Pilgrimage to the Holy Land -
As we flew over the tower blocks of Tel Aviv on our descent to Ben Gurion airport, I felt a sense of excitement mixed with trepidation about the week ahead. Excitement at my first sight of the land where Jesus lived; trepidation about the current political situation there and whether we would be confronted by the scenes and issues so familiar to us on the news. Once we were through the fairly rigorous customs procedures and driving away from the airport, I soon realised that actually much of life continues pretty normally in Israel, as we drove on the motorway up the hill towards Jerusalem.
We spent three nights in Jerusalem, which was without doubt the most incredible of cities. The sights, sounds and smells were constantly changing as we walked through the souks of the Christian and Arab quarters, visited the Church of the Holy Sepulchre to venerate the holiest sites of the crucifixion and the resurrection and took time out to sit and look across to the golden Dome of the Rock, the holy Muslim shrine, from the Mount of Olives.
For me, the Mount of Olives was the most moving place in Jerusalem. As we descended the same hill as Jesus on his triumphant journey into the city on Palm Sunday, there was even a man with a donkey standing there. Father Duncan celebrated the Eucharist there as it was a Sunday: even though competing with the sound of a noisy tractor at times, it was so moving to be worshipping in that place.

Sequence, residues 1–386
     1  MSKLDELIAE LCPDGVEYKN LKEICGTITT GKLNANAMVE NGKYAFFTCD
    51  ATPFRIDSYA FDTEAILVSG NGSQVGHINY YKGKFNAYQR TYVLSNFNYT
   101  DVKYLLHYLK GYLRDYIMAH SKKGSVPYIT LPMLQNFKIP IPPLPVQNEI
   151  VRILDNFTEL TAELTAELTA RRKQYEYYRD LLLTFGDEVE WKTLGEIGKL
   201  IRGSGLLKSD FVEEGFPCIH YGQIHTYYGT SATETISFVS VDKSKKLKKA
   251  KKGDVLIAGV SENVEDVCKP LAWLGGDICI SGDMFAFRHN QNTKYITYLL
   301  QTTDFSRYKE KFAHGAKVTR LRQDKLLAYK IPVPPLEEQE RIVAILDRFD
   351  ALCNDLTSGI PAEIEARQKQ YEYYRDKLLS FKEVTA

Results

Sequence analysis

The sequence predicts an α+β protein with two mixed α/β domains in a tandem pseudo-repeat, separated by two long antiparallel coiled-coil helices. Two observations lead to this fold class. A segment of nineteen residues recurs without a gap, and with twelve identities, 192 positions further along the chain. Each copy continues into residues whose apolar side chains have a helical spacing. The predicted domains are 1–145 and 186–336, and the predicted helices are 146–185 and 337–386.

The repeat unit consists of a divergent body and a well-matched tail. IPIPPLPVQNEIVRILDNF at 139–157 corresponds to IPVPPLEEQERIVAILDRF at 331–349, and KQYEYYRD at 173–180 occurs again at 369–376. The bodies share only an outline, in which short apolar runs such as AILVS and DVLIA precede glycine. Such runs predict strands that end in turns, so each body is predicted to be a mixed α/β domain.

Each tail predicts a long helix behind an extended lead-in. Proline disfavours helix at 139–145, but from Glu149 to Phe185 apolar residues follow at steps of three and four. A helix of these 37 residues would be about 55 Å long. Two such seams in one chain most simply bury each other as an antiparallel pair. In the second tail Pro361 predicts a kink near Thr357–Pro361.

The Western Wall
Altogether more difficult for me was the Western wall, the holiest site of the Jewish faith. Perhaps it didn't help that there was a passing out parade that day for the Israeli army which meant the site was full of teenagers with machine guns starting their national service: but personally I found it to be a rather uncomfortable place. There is no doubt that Jerusalem is a very beautiful city and on the surface life continues as normal but you cannot help but be aware of the tension under the surface, often only shown in a symbolic way, such as the large Israeli flags flying very prominently from buildings in the Arab quarter. After a couple of days in Jerusalem it was time to head north to Galilee and our base for the next couple of nights: Nazareth.
Personally, I found the two days we spent in Galilee to be the highlight of the pilgrimage. The area around the Sea of Galilee has hardly changed since the time of Jesus and it was so easy to imagine him there as we visited the sites so familiar to us from the Bible stories. We had a boat trip on the Sea of Galilee and in the middle of the lake the engine was switched off and we listened to the silence as we sang the verse from Dear Lord and Father of Mankind: 'O Sabbath rest by Galilee, O calm of hills above, where Jesus knelt to share with thee the silence of eternity, interpreted by love'.